Just after the war, Dutch Volkswagen
importer Ben Pon had the inspired idea of creating a van based on
VW's Beetle car. By 1950, the Volkswagen Type 2 (T1) ' Split
Screen' (or 'Splittie' to its millions of devotees) was born.
The versatility of the VW van meant it could
be produced in many different forms. The first official camper van
conversions were completed by sub-contractors Westfalia-Werke in
1951. These were known as the 'Camper Box' and over 8,000 were
produced in the years up to 1958. Similar conversions to
split-screen Type 2s were completed in Westfalia, as part of VW's
Special Model range, until German production ended in 1967.
The popularity of the split-screen camper soon
spread worldwide, with companies including Devon Conversions Ltd in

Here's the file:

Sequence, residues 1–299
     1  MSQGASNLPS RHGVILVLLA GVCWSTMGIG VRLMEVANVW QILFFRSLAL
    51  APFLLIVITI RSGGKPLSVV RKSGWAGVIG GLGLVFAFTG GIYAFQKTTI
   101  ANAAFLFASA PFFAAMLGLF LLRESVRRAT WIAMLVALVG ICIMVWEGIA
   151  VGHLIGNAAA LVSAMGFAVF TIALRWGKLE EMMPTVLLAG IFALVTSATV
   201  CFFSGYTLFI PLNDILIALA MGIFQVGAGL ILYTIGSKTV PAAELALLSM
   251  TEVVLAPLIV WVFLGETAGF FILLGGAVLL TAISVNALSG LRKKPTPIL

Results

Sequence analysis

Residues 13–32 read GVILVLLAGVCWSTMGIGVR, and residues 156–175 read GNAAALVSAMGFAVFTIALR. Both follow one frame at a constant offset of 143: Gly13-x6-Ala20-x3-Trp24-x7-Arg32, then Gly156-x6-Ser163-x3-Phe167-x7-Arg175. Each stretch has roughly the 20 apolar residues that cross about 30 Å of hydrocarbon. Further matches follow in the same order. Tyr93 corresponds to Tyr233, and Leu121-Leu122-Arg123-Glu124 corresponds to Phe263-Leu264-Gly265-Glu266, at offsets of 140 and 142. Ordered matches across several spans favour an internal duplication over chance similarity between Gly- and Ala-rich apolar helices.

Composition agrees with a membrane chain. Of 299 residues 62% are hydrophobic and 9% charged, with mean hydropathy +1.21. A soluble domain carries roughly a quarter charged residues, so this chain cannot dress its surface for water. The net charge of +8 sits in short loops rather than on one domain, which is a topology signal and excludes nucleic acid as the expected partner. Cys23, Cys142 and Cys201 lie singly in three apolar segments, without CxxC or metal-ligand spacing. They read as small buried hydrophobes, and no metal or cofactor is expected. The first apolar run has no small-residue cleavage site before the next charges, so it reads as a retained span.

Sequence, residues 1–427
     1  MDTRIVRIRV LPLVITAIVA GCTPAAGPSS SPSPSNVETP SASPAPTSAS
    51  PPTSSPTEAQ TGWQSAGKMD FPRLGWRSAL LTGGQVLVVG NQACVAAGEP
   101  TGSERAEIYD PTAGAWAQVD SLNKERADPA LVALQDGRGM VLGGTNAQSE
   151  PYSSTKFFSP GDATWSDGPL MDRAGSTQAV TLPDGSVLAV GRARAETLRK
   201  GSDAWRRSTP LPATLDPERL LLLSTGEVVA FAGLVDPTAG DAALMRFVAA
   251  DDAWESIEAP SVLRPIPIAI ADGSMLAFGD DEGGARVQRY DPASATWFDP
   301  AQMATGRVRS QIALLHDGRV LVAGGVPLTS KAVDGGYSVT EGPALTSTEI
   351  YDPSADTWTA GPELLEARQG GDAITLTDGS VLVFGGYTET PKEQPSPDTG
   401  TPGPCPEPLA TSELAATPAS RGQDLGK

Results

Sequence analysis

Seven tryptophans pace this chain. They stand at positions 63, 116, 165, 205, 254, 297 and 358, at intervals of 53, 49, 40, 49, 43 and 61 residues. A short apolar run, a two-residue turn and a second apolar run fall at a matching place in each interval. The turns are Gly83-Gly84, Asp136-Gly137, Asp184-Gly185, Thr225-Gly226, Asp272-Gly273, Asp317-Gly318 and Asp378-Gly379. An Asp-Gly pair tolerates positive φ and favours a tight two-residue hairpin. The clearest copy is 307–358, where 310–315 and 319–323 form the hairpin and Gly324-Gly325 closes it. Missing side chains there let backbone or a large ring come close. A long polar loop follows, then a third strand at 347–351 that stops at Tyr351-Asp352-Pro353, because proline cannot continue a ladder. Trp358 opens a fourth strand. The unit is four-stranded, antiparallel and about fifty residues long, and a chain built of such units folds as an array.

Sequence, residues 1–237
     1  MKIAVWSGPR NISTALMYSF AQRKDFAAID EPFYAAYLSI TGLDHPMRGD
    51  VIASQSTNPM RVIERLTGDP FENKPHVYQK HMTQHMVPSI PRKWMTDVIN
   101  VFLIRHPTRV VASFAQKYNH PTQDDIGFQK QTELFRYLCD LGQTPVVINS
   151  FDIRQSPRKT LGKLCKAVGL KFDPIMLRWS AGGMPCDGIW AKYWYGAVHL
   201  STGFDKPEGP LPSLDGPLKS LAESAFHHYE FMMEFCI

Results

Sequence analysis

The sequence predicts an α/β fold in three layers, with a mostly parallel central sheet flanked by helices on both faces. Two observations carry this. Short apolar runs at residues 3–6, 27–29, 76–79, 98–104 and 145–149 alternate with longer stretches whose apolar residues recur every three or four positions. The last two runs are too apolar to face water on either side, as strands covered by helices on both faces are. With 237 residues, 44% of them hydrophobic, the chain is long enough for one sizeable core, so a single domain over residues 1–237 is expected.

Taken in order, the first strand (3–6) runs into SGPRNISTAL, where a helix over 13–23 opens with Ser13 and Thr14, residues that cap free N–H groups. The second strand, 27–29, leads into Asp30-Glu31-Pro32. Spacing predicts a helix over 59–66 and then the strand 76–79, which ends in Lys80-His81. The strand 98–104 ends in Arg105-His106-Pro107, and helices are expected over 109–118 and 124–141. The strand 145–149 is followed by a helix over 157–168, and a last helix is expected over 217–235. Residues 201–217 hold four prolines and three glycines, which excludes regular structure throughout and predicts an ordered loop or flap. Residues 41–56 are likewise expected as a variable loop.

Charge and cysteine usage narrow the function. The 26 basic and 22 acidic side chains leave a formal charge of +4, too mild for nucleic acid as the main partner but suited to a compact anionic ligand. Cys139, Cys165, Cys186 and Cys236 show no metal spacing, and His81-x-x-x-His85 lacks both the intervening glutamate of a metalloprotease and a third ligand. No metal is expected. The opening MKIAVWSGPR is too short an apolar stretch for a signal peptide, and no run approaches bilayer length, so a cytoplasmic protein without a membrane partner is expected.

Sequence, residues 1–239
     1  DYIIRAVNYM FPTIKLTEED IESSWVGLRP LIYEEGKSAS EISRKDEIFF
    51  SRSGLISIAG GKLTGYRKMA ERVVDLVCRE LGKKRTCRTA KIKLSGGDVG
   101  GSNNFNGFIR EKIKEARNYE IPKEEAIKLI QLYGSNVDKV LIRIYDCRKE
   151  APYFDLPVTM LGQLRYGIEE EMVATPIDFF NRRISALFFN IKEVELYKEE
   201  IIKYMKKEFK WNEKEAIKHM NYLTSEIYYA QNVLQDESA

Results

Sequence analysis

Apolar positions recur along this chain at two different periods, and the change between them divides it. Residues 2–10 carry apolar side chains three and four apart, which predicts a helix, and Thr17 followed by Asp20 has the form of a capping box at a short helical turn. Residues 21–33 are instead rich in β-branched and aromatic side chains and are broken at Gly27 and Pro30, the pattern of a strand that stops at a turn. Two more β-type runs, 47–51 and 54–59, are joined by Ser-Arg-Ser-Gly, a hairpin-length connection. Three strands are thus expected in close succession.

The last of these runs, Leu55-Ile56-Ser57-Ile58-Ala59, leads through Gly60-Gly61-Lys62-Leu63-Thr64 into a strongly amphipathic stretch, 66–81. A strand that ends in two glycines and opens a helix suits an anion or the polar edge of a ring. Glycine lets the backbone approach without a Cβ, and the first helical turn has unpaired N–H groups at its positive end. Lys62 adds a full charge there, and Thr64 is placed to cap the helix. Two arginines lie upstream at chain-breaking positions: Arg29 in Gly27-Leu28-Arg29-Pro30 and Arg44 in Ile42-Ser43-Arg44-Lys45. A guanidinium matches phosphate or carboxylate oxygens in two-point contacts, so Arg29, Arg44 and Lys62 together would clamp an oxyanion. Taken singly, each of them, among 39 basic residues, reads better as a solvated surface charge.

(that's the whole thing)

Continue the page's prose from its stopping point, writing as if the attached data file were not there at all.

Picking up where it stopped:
the UK and Riviera Motors/Automotive Services Inc. in the US also
carrying out conversions.
The first split-screen conversions were
supplied with a simple awning, supported by a pair of poles and
guy-ropes. This was soon upgraded to a small, enclosed vestibule
style tent, and then larger, fixed versions were introduced. From
1965 until the demise of the 'Splittie' in 1967, colourful 'Big
Top' style awnings became available, offering the added advantage
of a stand-alone construction.
Further improvement came in the form of larger
engine sizes, with power increasing from 1131cc in the early days,
up to 1500cc by the end of split-screen production.